New simulation tool will help hospitals live with COVID-19

Hospitals across NSW will be prepared for future COVID-19 waves thanks to a sophisticated modelling tool developed by the Sax Institute.

The tool simulates the movement of patients through 25 hospitals in NSW during a surge in COVID-19 cases. It shows the impact of COVID-19 across the hospital, including emergency departments and intensive care units as well as on the number of surgeries performed and elective surgery waitlists.

The Sax Institute’s Decision Analytics team worked with the NSW Health Agency for Clinical Innovation on the project over eight months, bringing together a large amount of data from 25 hospitals and consulting with clinicians and hospital managers. Discrete event simulation technology – which models a system over time as a series of separate events – was then used to investigate different scenarios.

Multiple COVID-19 scenarios were tested with varying levels of patient numbers and severity of illness. Hospital responses to these scenarios were also tested, to see how the impact of a COVID-19 wave could be minimised by reducing or outsourcing elective surgeries, or increasing the hospital beds available to patients leaving the emergency department. 

Christine Whittall, Director of Innovation (Modelling) at the Sax Institute, says that this modelling tool is so valuable given the current pressure on the health system.

“We’re really excited to help hospitals make decisions about where to place limited resources that have the biggest impact on patient care.”

This ambitious project builds on the modelling work done by the Institute during the first two years of the pandemic.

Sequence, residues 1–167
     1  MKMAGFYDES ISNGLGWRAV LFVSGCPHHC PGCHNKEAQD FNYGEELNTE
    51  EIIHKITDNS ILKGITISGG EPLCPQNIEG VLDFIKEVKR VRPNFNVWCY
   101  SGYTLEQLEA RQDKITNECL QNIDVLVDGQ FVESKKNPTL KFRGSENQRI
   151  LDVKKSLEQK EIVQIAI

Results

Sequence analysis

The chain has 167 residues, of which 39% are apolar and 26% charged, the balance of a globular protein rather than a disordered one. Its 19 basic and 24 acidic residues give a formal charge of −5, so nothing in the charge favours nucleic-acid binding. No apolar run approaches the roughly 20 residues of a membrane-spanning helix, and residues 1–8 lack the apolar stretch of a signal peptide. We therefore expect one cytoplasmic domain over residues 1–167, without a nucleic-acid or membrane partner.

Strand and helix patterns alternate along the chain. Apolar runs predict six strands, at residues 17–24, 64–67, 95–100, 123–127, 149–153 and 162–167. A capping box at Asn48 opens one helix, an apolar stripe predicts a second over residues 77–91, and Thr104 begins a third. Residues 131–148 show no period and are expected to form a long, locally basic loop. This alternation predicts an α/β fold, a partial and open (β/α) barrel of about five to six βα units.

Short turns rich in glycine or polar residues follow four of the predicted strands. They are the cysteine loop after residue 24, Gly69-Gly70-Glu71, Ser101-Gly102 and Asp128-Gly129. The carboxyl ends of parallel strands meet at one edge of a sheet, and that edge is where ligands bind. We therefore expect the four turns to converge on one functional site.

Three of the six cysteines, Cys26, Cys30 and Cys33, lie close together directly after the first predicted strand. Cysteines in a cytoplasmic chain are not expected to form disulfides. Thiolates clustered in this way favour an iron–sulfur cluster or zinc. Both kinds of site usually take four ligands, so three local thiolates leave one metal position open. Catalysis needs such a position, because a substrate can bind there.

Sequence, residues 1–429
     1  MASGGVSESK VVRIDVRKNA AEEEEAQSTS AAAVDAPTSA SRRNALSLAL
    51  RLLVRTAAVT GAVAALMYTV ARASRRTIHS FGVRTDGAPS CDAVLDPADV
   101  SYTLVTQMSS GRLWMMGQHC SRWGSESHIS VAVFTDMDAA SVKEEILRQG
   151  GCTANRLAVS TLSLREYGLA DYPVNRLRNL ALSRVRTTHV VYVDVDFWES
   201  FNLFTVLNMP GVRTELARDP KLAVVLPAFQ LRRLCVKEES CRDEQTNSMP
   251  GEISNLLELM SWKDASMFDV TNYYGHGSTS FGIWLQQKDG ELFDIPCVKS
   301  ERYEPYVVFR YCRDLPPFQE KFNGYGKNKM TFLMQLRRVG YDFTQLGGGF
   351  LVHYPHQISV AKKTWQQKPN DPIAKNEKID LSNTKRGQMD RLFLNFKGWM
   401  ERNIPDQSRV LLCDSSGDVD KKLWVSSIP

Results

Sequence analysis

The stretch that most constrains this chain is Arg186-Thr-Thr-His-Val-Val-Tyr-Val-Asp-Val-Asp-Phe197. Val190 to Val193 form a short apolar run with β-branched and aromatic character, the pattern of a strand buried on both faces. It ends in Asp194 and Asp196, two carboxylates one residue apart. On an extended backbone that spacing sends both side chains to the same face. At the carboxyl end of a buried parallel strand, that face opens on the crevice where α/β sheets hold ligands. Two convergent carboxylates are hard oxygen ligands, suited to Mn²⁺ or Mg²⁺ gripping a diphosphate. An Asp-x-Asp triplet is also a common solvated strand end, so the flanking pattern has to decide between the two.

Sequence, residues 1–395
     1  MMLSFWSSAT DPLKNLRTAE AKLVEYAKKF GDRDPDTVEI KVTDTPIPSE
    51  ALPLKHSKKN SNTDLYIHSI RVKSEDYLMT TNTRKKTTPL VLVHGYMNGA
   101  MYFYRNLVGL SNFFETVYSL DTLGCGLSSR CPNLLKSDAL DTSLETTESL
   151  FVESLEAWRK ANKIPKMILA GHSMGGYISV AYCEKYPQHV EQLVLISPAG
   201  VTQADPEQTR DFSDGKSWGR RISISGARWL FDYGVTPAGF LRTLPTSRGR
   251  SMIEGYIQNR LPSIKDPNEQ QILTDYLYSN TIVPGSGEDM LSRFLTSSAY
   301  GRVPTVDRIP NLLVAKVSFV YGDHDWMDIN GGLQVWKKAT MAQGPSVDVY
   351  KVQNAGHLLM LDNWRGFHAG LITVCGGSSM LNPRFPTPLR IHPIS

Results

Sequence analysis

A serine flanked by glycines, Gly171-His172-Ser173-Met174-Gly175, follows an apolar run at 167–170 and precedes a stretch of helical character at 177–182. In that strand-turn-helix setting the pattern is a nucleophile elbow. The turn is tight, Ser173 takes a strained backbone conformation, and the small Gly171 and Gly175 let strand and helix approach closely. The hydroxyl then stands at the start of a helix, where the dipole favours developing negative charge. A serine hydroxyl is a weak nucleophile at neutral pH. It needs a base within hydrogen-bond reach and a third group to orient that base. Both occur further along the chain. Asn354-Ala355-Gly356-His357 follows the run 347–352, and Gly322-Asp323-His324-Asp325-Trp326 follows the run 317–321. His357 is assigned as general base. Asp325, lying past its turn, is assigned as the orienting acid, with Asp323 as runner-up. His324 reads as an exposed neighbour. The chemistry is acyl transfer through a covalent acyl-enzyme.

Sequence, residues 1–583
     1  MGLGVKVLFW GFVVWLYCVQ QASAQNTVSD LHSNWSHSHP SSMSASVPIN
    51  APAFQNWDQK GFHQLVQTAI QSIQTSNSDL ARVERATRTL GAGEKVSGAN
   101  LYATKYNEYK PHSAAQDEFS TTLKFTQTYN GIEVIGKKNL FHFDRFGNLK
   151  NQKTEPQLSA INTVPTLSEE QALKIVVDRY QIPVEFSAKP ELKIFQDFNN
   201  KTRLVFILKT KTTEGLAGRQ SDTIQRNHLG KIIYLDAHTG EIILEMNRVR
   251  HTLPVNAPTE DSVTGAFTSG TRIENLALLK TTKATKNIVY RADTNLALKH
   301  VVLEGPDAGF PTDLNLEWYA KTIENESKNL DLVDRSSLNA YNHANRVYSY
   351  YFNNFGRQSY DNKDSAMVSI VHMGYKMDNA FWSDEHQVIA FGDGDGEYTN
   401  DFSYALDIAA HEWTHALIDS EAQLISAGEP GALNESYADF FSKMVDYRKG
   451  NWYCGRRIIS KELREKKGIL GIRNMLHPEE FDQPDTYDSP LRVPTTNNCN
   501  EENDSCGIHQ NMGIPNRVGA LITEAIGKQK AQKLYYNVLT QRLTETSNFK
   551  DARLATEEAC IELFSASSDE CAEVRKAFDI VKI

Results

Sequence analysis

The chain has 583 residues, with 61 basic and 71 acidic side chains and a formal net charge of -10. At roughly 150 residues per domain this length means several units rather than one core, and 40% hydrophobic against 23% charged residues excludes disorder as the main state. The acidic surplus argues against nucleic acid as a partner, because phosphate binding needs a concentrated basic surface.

“Previously we had focused on understanding the impact of COVID-19 on the capacity of intensive care units, but now we’re examining the flow of patients, both with and without COVID-19, through the whole hospital,” Christine says.

The power of the technology lies in its ability to provide a systems-level view, explains Christine. “If you’re tweaking one thing in a hospital system, it can be hard to understand what the flow-on effects are,” she says.

“A discrete event simulation tool like this allows you to see the impact of resourcing decisions on the entire hospital. If decisions are rigorously tested in a virtual environment first, hospitals can respond quickly and effectively when real-world issues arise.”

The value of this tool goes beyond COVID-19 contexts, as there are numerous issues affecting patient-flow in hospitals. “We’re really excited about future opportunities,” says Christine. “You could use this tool to investigate issues like ambulance ramping or to plan for patient surges from seasonal flu.”